This will give a view as shown in the figure below. (You should specify -cldc1.1 if the web service might use floats or doubles as arguments or return value. And make sure that the server (Tomcat) is running while executing this command).

Figure 5. Stub generation
Stub generation
  1. After executing this, you should have a file (amongst others) for the class: 'HelloWorldPortType_Stub.java' in the 'rpcdemo' directory that was created automatically inside <J2ME_SDK_HOME> bin| directory.

Creating the Client Project

  1. Now start the Java(TM) ME SDK Platform and Create a Project(uncheck Hello Midlet) as shown in the figure below.
Figure 6. Creating new project in Sun Java(TM) ME SDK 3.0
Creating new project in Sun Java ME SDK 3.0
  1. Next create a Package name 'rpcdemo' inside the Project named 'Test' as shown in figure 7 and copy the stub java files from <J2ME_SDK_HOME> bin|rpcdemo| directory and paste it in the rpcdemo package as shown in Figure 8.
Figure 7. Creating a package in Sun Java(TM) ME SDK 3.0
Creating a package in Sun Java ME SDK 3.0
Figure 8. Adding the stubs
Adding the stubs
  1. Now create an new Midlet named 'HelloMid' (as shown in Figure 9) within rpcdemo package and write the code for it as shown sequentially:
    • Create a form.
    • Add a text field in the form.
    • Create an object of the stub.
    • Use the 'object._setProperty()' function to specify the Endpoint Interface.
    • Invoke the service method by 'object.method(parameters)'.
    • Process and display the returns.
Figure 9. Creating a MidLet in Sun Java(TM) ME SDK 3.0
Creating a MidLet in Sun Java(TM) ME SDK 3.0
Listing 3. HelloMid.java
package rpcdemo;
import javax.microedition.midlet.*;
import javax.microedition.lcdui.*;
import java.io.*;
import java.util.*;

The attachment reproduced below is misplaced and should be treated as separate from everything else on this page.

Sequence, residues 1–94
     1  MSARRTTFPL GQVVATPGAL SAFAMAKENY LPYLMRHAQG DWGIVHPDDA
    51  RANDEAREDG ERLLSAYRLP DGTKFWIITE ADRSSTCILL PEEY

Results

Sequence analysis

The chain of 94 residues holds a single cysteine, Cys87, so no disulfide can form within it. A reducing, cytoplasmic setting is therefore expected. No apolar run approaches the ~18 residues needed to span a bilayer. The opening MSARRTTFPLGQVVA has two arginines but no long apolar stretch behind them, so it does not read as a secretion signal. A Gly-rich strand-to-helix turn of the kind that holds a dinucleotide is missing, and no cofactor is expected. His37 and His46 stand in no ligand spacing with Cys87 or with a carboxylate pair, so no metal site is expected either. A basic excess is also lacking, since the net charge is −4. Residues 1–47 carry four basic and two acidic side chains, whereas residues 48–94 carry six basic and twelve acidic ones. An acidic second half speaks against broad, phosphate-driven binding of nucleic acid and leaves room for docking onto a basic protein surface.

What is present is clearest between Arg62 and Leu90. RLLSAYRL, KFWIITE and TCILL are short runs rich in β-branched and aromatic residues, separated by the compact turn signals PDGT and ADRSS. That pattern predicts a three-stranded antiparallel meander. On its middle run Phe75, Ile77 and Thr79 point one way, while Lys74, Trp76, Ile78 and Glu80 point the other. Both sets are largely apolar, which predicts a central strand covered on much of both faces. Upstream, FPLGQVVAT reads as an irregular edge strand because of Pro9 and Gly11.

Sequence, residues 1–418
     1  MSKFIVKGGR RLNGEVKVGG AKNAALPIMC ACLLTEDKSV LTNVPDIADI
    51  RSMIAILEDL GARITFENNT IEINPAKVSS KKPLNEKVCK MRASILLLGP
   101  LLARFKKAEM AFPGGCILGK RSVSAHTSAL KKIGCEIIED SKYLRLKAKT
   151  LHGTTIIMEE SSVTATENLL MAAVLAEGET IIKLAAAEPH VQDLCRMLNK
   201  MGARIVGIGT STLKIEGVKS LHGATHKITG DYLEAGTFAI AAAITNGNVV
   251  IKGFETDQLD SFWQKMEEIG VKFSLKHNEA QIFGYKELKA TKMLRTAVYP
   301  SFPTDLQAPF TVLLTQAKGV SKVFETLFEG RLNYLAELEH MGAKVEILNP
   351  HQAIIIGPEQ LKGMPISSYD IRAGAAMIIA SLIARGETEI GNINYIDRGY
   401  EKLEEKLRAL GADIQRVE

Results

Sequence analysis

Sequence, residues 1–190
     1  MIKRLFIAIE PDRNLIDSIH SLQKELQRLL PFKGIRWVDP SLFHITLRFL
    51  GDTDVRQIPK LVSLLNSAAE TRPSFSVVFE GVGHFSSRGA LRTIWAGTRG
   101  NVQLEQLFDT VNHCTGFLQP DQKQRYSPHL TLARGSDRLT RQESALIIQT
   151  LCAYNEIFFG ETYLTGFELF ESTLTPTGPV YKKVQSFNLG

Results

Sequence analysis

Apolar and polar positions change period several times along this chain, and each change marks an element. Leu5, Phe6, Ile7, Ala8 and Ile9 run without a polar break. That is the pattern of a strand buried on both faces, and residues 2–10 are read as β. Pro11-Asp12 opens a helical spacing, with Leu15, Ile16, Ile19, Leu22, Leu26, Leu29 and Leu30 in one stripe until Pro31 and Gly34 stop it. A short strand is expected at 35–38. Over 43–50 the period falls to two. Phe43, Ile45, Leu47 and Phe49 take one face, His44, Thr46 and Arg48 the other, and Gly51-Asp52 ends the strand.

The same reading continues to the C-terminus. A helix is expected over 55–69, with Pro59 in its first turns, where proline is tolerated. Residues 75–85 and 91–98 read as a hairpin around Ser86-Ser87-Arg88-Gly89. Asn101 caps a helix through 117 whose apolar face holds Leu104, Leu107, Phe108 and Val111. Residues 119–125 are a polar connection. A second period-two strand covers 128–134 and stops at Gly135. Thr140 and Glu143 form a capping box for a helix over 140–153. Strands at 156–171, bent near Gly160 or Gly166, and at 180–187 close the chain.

import java.rmi.RemoteException;
public class HelloMid extends MIDlet implements Runnable, CommandListener {
Display display;
private Form f;
private TextField tf;
private Command sendCom = new Command("Send", Command.ITEM, 1);
private Command exitCom = new Command("Exit", Command.EXIT, 1);
String name = "";
public void startApp() {
display = Display.getDisplay(this);
f = new Form("Hello Client");
tf = new TextField("Send:", "", 30, TextField.ANY);
f.append(tf);
f.addCommand(sendCom);
f.addCommand(exitCom);
f.setCommandListener(this);
display.setCurrent(f);
}
public void pauseApp() {}
public void destroyApp(boolean unconditional) {}
public void commandAction(Command c, Displayable d) {
if (c == sendCom) {
name = tf.getString();
/* Start a new thread so that the remote invocation won't block the process */
new Thread(this).start();
}
if (c == exitCom) {
notifyDestroyed();
destroyApp(true);
}
}
public void run() {
try {
/* Create Stub and set URL for the service*/
HelloWorldPortType_Stub service = new HelloWorldPortType_Stub();
service._setProperty(javax.xml.rpc.Stub.ENDPOINT_ADDRESS_PROPERTY, 
               "http://localhost:8080/axis2/services/HelloWorld");
	      
println("Connecting...");
String msg = service.sayHello(name);
println(msg);
} catch (Exception e) {
println(e.toString());
}
}
private void println(String s) {
f.append(s + "\n");
}
}
  1. Finally Build the Project (you will see build success full in the console) and then click the Run button to execute the J2ME Emulator as shown in Figure 10.
Figure 10. J2ME Emulator in Sun Java(TM) ME SDK 3.0